What would the world look like if everyone was guaranteed a basic income?
For musician Brian Eno, that society would put a lot more emphasis on time well spent.
“Try not to get a job. Try to leave yourself in a position where you do the things you want to do with your time and where you take maximum advantage of wherever your possibilities are.”Brian Eno
Of course, not everyone can afford to remain jobless; the harsh reality is that work pays the bills and keeps us alive. But as more jobs get outsourced to robots and artificial intelligence, humans will need to renew their purpose.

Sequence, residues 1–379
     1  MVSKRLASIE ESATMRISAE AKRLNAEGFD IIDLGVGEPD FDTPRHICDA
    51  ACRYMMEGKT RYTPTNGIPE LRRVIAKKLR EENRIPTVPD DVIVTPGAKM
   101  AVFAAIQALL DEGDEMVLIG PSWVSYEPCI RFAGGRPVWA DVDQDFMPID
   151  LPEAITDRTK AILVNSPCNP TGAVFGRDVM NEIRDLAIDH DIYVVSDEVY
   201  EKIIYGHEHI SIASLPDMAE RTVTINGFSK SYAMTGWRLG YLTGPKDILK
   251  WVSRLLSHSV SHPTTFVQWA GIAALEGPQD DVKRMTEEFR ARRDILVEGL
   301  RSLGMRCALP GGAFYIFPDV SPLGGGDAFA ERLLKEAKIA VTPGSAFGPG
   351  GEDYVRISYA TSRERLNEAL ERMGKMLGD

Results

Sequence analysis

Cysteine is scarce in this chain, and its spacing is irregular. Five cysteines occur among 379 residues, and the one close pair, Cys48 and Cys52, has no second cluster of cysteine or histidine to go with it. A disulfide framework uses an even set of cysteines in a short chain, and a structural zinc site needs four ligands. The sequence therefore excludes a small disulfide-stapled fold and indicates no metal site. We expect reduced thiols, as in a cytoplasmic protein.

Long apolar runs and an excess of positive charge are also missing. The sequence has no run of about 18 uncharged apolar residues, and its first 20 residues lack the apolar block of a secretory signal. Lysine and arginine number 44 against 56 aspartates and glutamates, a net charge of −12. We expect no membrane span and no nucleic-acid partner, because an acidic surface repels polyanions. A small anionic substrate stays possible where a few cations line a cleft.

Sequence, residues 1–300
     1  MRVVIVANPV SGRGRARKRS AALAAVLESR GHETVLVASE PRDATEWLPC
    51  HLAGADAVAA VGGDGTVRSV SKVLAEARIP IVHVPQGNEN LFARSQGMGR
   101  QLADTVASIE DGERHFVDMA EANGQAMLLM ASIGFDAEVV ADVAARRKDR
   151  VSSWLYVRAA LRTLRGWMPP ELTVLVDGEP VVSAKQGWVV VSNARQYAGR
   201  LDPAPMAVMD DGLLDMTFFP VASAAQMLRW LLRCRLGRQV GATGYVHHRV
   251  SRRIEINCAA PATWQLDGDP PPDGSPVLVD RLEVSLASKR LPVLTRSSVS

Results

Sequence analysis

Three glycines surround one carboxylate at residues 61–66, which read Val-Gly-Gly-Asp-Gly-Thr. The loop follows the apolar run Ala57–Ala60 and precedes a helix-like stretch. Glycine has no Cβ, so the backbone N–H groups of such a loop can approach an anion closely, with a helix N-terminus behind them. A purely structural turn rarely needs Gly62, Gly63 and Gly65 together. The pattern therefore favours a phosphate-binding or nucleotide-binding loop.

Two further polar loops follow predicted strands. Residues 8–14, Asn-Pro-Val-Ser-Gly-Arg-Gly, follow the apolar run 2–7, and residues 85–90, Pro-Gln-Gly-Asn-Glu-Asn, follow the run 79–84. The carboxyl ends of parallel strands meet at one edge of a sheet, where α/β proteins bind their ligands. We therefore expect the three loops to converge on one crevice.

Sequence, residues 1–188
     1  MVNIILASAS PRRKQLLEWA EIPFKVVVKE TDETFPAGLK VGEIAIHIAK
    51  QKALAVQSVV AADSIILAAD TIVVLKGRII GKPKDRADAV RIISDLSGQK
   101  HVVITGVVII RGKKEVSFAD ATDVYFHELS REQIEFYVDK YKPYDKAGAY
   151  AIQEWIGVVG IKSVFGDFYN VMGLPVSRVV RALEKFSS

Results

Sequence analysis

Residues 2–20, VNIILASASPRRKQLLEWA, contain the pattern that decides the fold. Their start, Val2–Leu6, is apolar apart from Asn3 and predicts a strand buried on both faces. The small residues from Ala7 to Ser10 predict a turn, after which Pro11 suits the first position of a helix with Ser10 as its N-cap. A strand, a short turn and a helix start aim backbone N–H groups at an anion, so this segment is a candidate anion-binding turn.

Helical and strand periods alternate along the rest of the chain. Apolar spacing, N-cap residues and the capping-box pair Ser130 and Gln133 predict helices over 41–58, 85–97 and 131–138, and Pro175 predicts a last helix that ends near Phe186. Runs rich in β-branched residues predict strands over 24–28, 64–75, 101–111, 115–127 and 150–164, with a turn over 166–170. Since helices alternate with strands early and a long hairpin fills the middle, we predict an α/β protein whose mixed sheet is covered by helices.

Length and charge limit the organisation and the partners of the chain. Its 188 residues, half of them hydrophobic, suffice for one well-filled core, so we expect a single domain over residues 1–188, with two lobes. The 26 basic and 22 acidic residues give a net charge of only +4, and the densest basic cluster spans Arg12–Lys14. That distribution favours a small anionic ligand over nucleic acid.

What will we do when there’s no work to be done?
Work defines who we are. It forms the nucleus of our identity. However, a jobless world may encourage more innovative thinking about ourselves and our role in a secular, globalized world.
A jobless world may compel people to pursue more passionate work and adopt the vocations that choose them instead of the other way around.
In such a world, we’ll be makers instead of cogs, tinkerers instead of algorithmic lemmings. The future writes itself if we dig deep enough to see it out.
Writes Oliver Burkeman in The Antidote: “There is a positive correlation between the fear of death and the sense of unlived life.”
The old world required that we struggle to live. When we work on something we enjoy, we smash through and settle in on what it means to live.
As David Byrne of the Eno-produced, Talking Heads sang in 1978, “If what you do ain’t what you love, then something isn’t right.”